- Genus Rosa, family Rosaceae (the rose family); many species, hybrids, and cultivars. This large family includes most temperate fruits (apple, plum, peach, cherry, blackberry, strawberry) as well as the hawthorns, rowans, and potentillas
- The MacDonalds have gone for a pleasing mix of old and modern, shrub and bedding roses in white, pink, purple and gold.
- Unlike the stiff and fussy hybrid tea roses, these roses make excellent landscape shrubs.
- In June it is literally covered with thousands of blush pink roses of amazing fragrance.
- Symbols of love and sacrifice, roses became a floral emblem of the Virgin Mary.
- Suddenly the flower takes on the strength to represent countries - the thistle for Scotland, the rose for England.
- The rose is represented musically by high notes played on flutes and little silver bells.
- Tiny ivory turnips blushed with rose pink are this season's pleasant surprise.
- Other colours include midnight black, ocean blue, rose pink and olive green.
- She smothered her creased skirts with her hands then pulled her matching, dusted rose pink gloves off and set them on a side table.
- The days of big cheque books and wine and roses and players who are up in that league are gone.
- Despite winning accolades as Minister, his political career was not roses all the way.
verb[with object] literary Back to top
- 1a bed of roses
- see bed.
- 2come up roses
- (Of a situation) develop in a very favourable way: new boyfriend, successful career—everything was coming up rosesMore example sentences
- In contrast, Butcher would have you believe everything was coming up roses for his team, despite yesterday bringing only their third league victory in the course of their past 11 games.
- Everything's coming up roses at this point in her life.
- Perhaps if they were allowed to see things as they really are, they just might realise that away from their palaces and grand homes, things in the real world are not always coming up roses.
- 3come up (or out) smelling of roses
- Emerge from a difficult situation with one’s reputation intact: you came out of a tight spot smelling of rosesMore example sentences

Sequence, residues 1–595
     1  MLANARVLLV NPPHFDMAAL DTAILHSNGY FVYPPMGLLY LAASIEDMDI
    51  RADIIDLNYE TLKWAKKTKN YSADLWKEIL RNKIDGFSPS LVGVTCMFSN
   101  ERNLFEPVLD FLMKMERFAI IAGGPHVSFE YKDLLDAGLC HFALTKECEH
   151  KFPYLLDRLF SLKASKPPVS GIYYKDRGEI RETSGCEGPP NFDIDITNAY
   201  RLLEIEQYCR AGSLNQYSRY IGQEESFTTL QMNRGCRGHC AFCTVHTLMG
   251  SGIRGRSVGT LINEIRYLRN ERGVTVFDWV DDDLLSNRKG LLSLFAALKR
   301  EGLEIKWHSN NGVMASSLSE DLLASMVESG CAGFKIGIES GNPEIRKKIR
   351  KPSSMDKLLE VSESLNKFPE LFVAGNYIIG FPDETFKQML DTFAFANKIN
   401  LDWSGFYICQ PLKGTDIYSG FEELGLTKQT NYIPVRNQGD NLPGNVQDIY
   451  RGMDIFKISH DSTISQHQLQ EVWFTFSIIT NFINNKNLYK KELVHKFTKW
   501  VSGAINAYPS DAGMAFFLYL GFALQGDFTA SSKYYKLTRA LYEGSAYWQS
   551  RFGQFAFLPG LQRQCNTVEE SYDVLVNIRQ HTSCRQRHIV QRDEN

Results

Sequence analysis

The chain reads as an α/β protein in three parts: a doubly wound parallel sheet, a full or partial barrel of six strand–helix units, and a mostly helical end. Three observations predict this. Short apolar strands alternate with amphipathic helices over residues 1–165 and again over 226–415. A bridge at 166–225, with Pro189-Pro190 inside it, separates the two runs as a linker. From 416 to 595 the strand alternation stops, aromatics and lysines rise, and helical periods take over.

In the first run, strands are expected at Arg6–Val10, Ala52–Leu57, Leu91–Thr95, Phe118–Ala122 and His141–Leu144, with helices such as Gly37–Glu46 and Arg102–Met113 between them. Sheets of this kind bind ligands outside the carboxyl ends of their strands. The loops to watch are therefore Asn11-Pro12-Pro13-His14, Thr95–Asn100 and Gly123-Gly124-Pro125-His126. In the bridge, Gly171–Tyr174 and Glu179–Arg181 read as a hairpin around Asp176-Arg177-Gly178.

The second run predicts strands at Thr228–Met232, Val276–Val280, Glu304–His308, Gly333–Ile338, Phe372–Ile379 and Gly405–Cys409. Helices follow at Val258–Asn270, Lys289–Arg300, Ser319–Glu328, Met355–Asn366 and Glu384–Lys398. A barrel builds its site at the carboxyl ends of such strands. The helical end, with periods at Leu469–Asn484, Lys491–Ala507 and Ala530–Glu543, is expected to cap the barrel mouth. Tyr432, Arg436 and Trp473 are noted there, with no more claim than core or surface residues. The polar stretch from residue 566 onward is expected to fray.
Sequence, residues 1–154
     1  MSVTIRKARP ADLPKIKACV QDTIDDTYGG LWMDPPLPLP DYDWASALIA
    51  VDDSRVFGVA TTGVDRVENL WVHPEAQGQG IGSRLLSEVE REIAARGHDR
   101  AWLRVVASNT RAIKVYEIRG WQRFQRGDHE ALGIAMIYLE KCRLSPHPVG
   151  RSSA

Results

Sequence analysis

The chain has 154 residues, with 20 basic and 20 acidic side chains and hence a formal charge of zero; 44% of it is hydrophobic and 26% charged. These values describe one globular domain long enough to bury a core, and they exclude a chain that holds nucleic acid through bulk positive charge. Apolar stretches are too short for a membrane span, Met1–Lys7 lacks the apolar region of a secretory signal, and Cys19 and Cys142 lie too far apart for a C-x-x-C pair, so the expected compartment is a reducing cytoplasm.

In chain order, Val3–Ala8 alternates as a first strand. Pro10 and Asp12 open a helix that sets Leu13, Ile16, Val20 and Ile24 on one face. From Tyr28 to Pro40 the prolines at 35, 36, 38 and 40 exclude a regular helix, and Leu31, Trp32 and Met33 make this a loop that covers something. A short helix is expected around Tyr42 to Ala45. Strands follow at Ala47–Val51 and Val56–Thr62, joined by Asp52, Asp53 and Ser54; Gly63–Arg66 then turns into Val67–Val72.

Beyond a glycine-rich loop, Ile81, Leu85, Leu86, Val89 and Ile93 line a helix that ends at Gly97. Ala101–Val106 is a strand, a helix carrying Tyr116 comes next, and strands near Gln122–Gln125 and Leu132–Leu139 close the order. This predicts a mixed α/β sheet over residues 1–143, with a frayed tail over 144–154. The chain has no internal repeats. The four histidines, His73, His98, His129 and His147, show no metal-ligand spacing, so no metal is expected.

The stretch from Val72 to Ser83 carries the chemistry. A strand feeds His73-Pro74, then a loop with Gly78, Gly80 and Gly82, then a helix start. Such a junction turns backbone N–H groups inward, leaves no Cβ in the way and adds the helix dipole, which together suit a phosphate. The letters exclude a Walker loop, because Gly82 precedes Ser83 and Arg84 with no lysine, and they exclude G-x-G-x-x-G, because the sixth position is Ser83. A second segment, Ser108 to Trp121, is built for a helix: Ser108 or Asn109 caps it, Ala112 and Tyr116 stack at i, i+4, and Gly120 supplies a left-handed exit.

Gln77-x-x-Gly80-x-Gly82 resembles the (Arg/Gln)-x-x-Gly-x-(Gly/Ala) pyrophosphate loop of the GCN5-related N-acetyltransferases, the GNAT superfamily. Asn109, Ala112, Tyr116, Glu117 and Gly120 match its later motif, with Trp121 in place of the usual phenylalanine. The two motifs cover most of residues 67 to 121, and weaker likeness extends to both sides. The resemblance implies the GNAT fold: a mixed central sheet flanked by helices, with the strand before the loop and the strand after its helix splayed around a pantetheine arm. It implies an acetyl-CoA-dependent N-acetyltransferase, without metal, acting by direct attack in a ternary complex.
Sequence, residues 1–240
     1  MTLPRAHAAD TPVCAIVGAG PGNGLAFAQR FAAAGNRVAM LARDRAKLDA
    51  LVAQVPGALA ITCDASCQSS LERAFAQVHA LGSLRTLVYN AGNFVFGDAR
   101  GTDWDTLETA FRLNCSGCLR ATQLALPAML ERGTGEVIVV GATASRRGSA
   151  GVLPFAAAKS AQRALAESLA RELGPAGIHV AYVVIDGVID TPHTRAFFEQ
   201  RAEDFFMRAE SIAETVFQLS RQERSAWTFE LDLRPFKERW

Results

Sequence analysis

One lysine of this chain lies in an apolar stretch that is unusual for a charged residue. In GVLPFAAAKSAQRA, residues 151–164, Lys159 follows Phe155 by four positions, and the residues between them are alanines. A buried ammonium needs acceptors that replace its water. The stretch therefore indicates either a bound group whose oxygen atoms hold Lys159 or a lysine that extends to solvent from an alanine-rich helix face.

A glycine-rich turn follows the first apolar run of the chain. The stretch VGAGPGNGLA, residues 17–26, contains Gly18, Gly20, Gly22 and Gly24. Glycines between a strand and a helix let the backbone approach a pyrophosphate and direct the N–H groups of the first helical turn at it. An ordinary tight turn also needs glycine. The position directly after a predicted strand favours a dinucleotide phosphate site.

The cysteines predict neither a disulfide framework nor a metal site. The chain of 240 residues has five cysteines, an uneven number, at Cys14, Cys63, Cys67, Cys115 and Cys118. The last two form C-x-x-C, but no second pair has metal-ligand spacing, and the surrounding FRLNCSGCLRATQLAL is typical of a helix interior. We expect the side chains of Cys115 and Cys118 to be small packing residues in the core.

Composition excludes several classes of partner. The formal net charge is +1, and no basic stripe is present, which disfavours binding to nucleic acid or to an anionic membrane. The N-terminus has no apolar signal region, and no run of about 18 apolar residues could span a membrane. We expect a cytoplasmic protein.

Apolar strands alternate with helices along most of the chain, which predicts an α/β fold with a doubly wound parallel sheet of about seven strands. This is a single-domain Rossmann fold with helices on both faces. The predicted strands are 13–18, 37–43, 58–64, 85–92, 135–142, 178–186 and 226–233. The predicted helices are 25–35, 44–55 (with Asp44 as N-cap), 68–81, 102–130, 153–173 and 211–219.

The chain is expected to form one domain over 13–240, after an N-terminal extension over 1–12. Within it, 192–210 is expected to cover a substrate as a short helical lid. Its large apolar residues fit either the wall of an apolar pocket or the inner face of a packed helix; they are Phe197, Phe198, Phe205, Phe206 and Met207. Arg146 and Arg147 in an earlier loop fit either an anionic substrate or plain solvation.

- Somehow, he still comes up smelling of roses, and sought after.
- By the end of the story, Howland has hardly changed at all, and he comes out smelling of roses.
- It is anticipated that some of the hierarchy will not come out smelling of roses.
- 4under the rose
- archaic In secret; sub rosa.Example sentences
- Attendees understood that whatever was said under the rose - or sub rosa - had to remain a secret.
- In ancient times a rose was attached to the ceiling of council chambers as an indication that everybody present was sworn to secrecy, sub rosa - under the rose.
- rose-like adjective
- Example sentences
- We marvel at the awesome scenery, the great cathedrals and citadels that nature has carved out of the orange sandstone, the grasses of many subtle greens, the desert sunflowers and the delicate rose-like blooms of the prickly pear cactus.
- The Kimjongilia is the national flower of North Korea, and most of the ones on display had a brilliant red colour to them, and looked a little rose-like, but without the prickly stems.
- In the Rio Tinto Mines, calculations were performed on the cost of recovering rose-like copper in an oven.
The rose (from Latin rosa) is beautiful but prickly, and the proverbial saying no rose without a thorn goes back to medieval times. There is nothing spiky about an English rose, an attractive, fair-skinned English girl. A person who takes an unduly indulgent or optimistic view of things is said to be looking through rose-coloured spectacles. The idea here is that everything you look at is bathed in warm flattering light. Charles Dickens talked of living ‘in a rose-colored mist’ in Little Dorrit (1857), but the first example of the full phrase is from Tom Brown at Oxford (1861) by Thomas Hughes. The decorative quality of the rose is taken up in rosette ‘a little rose’ borrowed from French in the mid 18th century. A rosary means ‘a rose garden’ and appears in this sense in Middle English. There was a medieval Latin term for a prayer book hortulus animae ‘little garden of the soul’ and the idea of calling a series of prayers a rose garden (mid 16th century) probably came from this. Rosemary (Late Middle English) originally had no connection with ‘rose’ or ‘Mary’, although these have influenced the form the word now takes. The plant was Latin ros marinus ‘dew of the sea’. The plant grows wild by the sea in southern Europe, and the leaves have a misty blue cast. See also ring
Words that rhyme with roseappose, arose, Bose, brose, chose, close, compose, diagnose, self-diagnose, doze, enclose, expose, foreclose, froze, hose, impose, interpose, juxtapose, Montrose, noes, nose, oppose, plainclothes, pose, propose, prose, suppose, those, transpose, underexpose, uprose
- Her St Tropez chicken, typically, is named not for the provenance of its ingredients - rosé wine, honey and lavender - but in honour of its bronzed and crisped skin, the famous St Tropez tan.
- Last year, partly due to a sweltering summer, we guzzled 25 per cent more rosé wines than the year before.
- I tried some rosé wine and then had two glasses of champagne too.
French, literally 'pink'.
Words that rhyme with roséexposé
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